Blockchain – How tax can build a network of trust

When it made Gartner’s Hype Cycle for the Emerging Technologies List in 2017, some said we’d reached peak-blockchain. Gartner predicted that the technology was still 10 years away from going mainstream but if the recent crypto-currency craze is anything to go by, we might not have to wait that long.

What is blockchain?

Blockchain’s origins lie in accounting practices. Its technology is based on an auditable record of financial transactions. As a distributed, decentralised ledger, blockchain permits information to be viewed but not copied or altered. There is no central version of the blockchain, and it is not owned by a single party, but allows for multiple stakeholders to record and check their interactions, whether that be tracking goods, to the correct application of an indirect tax. These records are stored in groups called blocks. Each block is time stamped and linked to the previous block. It is incorruptible and unalterable, making it ideal for recording transactions without requiring a central authority.

What does it offer tax and accounting?

Data transparency is what blockchain does best. It offers a solution to an ongoing challenge for the tax function in an organisation – access to the full suite of tax-relevant information across the business. With mounting global pressure to comply with stringent anti-tax avoidance measures (in particularly BEPS), such visibility over its tax affairs will help an organisation avoid harsh penalties and reputational damage.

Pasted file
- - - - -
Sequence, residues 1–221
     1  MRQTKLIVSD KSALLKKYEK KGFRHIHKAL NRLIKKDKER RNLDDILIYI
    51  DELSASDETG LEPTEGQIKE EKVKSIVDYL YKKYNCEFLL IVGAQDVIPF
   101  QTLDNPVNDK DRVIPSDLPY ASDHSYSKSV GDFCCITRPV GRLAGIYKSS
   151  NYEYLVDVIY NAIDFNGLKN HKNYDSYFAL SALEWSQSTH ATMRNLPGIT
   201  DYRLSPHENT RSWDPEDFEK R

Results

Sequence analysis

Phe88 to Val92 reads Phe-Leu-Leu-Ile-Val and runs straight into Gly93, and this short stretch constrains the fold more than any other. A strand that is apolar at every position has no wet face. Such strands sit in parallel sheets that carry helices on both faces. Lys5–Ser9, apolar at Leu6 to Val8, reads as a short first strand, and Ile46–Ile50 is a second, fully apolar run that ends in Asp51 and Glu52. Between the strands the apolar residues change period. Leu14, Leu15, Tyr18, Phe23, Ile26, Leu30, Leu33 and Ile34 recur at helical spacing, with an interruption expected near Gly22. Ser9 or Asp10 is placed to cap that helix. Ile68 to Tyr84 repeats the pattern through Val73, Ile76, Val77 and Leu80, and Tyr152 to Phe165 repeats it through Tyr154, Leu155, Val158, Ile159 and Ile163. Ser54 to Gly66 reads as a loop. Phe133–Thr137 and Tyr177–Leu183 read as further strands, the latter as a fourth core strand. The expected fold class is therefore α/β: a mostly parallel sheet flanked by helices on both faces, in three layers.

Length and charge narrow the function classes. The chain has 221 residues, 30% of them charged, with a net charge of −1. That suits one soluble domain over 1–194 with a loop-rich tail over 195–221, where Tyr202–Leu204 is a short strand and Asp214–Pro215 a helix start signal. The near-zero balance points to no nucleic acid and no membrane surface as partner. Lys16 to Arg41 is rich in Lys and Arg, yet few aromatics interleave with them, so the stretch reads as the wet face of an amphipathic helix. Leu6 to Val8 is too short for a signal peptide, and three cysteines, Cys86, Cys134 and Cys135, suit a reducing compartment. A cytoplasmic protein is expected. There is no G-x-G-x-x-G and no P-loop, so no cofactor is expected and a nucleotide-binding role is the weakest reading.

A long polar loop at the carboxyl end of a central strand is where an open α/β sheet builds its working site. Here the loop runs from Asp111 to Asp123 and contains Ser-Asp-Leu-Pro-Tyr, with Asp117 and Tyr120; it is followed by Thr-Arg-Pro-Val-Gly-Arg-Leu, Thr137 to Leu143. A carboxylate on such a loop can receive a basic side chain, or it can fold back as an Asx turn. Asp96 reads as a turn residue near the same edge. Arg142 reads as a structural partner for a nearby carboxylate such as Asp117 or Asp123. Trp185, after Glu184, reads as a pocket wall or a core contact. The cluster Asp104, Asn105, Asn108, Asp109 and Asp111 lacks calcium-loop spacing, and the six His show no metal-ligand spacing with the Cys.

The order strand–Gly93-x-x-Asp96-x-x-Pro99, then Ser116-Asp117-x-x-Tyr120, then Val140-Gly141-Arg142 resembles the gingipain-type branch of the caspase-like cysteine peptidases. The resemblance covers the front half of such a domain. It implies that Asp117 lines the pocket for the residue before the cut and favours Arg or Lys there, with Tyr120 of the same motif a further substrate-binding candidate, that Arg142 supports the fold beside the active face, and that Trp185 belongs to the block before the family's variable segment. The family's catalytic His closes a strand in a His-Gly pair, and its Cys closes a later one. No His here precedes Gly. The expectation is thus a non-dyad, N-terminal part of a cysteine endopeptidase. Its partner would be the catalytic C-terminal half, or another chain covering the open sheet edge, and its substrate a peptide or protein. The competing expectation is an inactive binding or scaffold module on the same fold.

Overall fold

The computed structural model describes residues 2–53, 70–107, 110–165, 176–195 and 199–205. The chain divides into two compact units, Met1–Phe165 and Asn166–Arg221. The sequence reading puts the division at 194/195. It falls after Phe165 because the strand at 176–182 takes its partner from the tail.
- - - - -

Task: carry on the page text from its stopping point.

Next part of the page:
The top applications of blockchain for tax and accounting:

  • Traceable audit trails
  • Automated audit processes
  • Transaction authentication
  • Tracking asset ownership
  • Development of ‘smart contracts’
  • Asset registry and inventory system

The key benefits of these include:

  • Reduced audit costs and time
  • Evolution of auditor role to apply time and skill to tasks of greater value
  • Fraud detection, particularly for transactional taxes of GST, withholding tax, insurance premium taxes, and stamp duties

Blockchain and our future

As businesses move away from siloed ventures and towards collaborative relationships, they need technological platforms that not only cultivate interconnected ecosystems, but provide clarity over these complex transactions. Blockchain has much to offer, but as with any system, good governance will be the key to success and as tax, accounting and audit professionals, we have a central role to play here.

Written by Nicholas Wong, Director of Product Management, Thomson Reuters

Rod Spicer

Associate Director of Claims and Underwriting at Accountancy Insurance
Rod is responsible for the operations of the Claims Department, policy wording development and the management of large and complex claims.
Rod Spicer

Audit Financial Services

About Author

Rod Spicer

Rod is responsible for the operations of the Claims Department, policy wording development and the management of large and complex claims.